Learn to do Wikipedia Web scraping using Python, requests, and BeautifulSoup4.
Web scraping (also known as data extraction, web harvesting) is data scraping used for extracting data from websites.
We are using three Modules to do Wikipedia web scraping using Python
Requests module allows you to send HTTP requests using Python
Installation: pip install requests
The built-in string module provides the ability to do complex string operations easier.
BeautifulSoup allows us to scrape information from webpages.
Installation: pip install beautifulsoup4
The internet is an absolutely massive source of data. Unfortunately, the vast majority if it isn’t available in conveniently organized CSV files for download and analysis. If you want to capture data from many websites, you’ll need to try web scraping.
Don’t worry if you’re still a total beginner — in this tutorial we’re going to cover how to do web scraping with Python from scratch, starting with some answers to frequently-asked questions about web scraping.
If you’re already familiar with the concept, feel free to scroll past these and jump right into the tutorial!
Some websites offer data sets that are downloadable in CSV format, or accessible via an Application Programming Interface (API). But many websites with useful data don’t offer these convenient options.
Consider, for example, the National Weather Service’s website. It contains up-to-date weather forecasts for every location in the US, but that weather data isn’t accessible as a CSV or via API. It has to be viewed on the NWS site.
If we wanted to analyze this data, or download it for use in some other app, we wouldn’t want to painstakingly copy-paste everything. Web scraping is a technique that lets us use programming to do the heavy lifting. We’ll write some code that looks at the NWS site, grabs just the data we want to work with, and outputs it in the format we need.
In this tutorial, we’ll show you how to perform web scraping using Python 3 and the Beautiful Soup library. We’ll be scraping weather forecasts from the National Weather Service, and then analyzing them using the Pandas library.
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The Beautiful Soup module is used for web scraping in Python. Learn how to use the Beautiful Soup and Requests modules in this tutorial. After watching, you will be able to start scraping the web on your own.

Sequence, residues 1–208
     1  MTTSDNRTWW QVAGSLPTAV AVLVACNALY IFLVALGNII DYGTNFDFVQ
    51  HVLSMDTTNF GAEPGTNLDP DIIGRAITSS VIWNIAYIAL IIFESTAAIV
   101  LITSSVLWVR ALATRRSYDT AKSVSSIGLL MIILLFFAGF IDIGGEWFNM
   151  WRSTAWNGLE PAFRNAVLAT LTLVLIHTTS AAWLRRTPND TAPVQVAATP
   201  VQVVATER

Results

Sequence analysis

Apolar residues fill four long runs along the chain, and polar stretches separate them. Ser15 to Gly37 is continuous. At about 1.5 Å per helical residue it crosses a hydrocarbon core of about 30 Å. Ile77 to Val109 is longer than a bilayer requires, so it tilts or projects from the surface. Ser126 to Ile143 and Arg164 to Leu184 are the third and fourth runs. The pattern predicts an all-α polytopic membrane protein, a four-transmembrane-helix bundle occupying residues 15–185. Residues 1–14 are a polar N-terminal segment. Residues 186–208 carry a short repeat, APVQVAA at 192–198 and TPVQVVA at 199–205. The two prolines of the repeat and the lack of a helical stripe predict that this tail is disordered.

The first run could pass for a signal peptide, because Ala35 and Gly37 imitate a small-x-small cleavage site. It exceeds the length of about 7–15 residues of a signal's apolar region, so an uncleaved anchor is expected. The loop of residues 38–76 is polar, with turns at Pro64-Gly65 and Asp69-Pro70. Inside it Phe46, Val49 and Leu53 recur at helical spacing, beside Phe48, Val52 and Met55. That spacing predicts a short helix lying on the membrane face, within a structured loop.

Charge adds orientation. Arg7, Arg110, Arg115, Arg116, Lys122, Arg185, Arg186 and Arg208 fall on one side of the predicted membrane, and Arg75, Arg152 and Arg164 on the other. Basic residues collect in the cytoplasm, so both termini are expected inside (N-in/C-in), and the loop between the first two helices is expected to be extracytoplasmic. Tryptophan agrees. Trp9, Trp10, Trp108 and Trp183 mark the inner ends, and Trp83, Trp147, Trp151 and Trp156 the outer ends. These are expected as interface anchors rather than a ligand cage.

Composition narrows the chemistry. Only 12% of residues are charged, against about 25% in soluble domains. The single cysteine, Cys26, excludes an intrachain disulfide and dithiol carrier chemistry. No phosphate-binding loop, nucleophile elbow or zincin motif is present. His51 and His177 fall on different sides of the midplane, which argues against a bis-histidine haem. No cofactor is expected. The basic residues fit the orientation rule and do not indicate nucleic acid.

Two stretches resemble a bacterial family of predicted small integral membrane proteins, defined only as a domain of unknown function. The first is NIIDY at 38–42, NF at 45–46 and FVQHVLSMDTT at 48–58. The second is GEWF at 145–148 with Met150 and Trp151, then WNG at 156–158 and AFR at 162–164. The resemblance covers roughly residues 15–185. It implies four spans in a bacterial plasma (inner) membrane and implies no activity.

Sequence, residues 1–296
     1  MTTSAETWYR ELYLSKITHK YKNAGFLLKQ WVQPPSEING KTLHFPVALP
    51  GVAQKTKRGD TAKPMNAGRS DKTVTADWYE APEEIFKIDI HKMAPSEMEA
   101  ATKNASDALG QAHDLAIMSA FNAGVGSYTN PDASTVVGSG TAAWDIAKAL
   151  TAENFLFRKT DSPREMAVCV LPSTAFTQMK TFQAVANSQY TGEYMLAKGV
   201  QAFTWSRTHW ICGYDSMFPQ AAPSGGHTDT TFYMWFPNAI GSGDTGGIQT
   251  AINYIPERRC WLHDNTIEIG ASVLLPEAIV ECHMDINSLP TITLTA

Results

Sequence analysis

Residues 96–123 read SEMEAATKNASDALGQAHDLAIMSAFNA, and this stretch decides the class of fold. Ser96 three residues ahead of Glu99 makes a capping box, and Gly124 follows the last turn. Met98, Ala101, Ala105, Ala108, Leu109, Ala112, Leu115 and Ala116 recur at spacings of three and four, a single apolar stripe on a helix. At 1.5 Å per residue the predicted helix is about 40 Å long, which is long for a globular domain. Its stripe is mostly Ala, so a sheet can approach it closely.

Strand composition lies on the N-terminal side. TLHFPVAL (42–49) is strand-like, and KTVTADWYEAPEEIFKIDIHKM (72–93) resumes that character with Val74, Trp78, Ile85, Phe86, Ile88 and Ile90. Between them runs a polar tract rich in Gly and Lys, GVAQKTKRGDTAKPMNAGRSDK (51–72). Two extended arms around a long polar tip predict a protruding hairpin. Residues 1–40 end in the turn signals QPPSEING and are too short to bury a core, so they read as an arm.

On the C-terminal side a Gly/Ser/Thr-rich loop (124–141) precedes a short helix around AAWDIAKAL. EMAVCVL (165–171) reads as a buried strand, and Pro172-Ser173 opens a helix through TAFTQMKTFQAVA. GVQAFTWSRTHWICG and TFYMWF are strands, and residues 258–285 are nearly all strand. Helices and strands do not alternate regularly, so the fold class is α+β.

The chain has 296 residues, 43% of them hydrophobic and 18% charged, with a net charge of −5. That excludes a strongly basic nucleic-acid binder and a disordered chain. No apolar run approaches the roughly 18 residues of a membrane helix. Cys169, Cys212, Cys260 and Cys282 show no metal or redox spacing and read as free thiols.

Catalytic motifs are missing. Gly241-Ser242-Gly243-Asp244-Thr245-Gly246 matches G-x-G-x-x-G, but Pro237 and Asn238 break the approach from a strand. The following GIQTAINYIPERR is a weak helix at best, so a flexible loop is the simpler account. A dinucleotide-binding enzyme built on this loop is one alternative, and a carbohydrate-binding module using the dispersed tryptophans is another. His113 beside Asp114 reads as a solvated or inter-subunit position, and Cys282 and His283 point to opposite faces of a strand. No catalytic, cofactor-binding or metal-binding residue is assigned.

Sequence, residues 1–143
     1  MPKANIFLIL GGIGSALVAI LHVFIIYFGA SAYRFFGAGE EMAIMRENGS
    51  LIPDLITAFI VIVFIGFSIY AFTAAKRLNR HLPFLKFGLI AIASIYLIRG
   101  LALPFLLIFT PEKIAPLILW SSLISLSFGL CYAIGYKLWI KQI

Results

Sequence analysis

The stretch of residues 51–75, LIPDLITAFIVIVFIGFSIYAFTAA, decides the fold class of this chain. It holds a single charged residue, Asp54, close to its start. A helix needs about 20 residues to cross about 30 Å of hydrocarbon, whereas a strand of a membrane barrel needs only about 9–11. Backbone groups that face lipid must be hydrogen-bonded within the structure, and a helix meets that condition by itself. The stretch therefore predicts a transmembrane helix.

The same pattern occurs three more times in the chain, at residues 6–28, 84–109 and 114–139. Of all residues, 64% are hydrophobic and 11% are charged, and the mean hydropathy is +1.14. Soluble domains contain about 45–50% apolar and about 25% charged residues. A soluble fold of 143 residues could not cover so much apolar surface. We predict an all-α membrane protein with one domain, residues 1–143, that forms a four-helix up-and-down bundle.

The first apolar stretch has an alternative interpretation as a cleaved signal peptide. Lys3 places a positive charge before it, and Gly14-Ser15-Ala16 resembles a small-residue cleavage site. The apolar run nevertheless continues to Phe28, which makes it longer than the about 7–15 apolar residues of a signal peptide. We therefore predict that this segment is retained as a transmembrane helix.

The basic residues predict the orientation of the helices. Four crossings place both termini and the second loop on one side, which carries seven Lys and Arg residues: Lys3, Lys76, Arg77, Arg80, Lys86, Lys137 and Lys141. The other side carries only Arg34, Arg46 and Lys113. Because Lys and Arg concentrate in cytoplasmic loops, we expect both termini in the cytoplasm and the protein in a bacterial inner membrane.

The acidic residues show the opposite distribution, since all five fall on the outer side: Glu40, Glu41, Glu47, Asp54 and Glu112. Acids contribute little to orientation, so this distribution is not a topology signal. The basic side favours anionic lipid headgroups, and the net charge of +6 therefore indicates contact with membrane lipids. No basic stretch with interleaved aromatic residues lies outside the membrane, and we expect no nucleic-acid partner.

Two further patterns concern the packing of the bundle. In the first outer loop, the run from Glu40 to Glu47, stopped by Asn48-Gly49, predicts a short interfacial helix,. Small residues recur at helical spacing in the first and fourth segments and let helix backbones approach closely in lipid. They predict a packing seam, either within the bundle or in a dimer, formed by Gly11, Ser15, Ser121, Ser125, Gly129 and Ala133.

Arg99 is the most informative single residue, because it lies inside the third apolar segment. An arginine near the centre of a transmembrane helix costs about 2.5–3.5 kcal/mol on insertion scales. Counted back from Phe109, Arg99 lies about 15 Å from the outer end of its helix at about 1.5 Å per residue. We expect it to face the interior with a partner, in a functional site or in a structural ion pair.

📺 The video in this post was made by freeCodeCamp.org
The origin of the article: https://www.youtube.com/watch?v=87Gx3U0BDlo&list=PLWKjhJtqVAbnqBxcdjVGgT3uVR10bzTEB&index=12
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When scraping a website with Python, it’s common to use the
Requestslibraries to send
GETrequests to the server in order to receive its information.
However, you’ll eventually need to send some information to the website yourself before receiving the data you want, maybe because it’s necessary to perform a log-in or to interact somehow with the page.
To execute such interactions, Selenium is a frequently used tool. However, it also comes with some downsides as it’s a bit slow and can also be quite unstable sometimes. The alternative is to send a
POSTrequest containing the information the website needs using the request library.
In fact, when compared to Requests, Selenium becomes a very slow approach since it does the entire work of actually opening your browser to navigate through the websites you’ll collect data from. Of course, depending on the problem, you’ll eventually need to use it, but for some other situations, a
POSTrequest may be your best option, which makes it an important tool for your web scraping toolbox.
In this article, we’ll see a brief introduction to the
POSTmethod and how it can be implemented to improve your web scraping routines.
#python #web-scraping #requests #web-scraping-with-python #data-science #data-collection #python-tutorials #data-scraping
Welcome to my Blog, In this article, we will learn python lambda function, Map function, and filter function.
Lambda function in python: Lambda is a one line anonymous function and lambda takes any number of arguments but can only have one expression and python lambda syntax is
Syntax: x = lambda arguments : expression
Now i will show you some python lambda function examples:
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Magic Methods are the special methods which gives us the ability to access built in syntactical features such as ‘<’, ‘>’, ‘==’, ‘+’ etc…
You must have worked with such methods without knowing them to be as magic methods. Magic methods can be identified with their names which start with __ and ends with __ like init, call, str etc. These methods are also called Dunder Methods, because of their name starting and ending with Double Underscore (Dunder).
Now there are a number of such special methods, which you might have come across too, in Python. We will just be taking an example of a few of them to understand how they work and how we can use them.
class AnyClass: def __init__(): print("Init called on its own") obj = AnyClass()
The first example is _init, _and as the name suggests, it is used for initializing objects. Init method is called on its own, ie. whenever an object is created for the class, the init method is called on its own.
The output of the above code will be given below. Note how we did not call the init method and it got invoked as we created an object for class AnyClass.
Init called on its own
Let’s move to some other example, add gives us the ability to access the built in syntax feature of the character +. Let’s see how,
class AnyClass: def __init__(self, var): self.some_var = var def __add__(self, other_obj): print("Calling the add method") return self.some_var + other_obj.some_var obj1 = AnyClass(5) obj2 = AnyClass(6) obj1 + obj2
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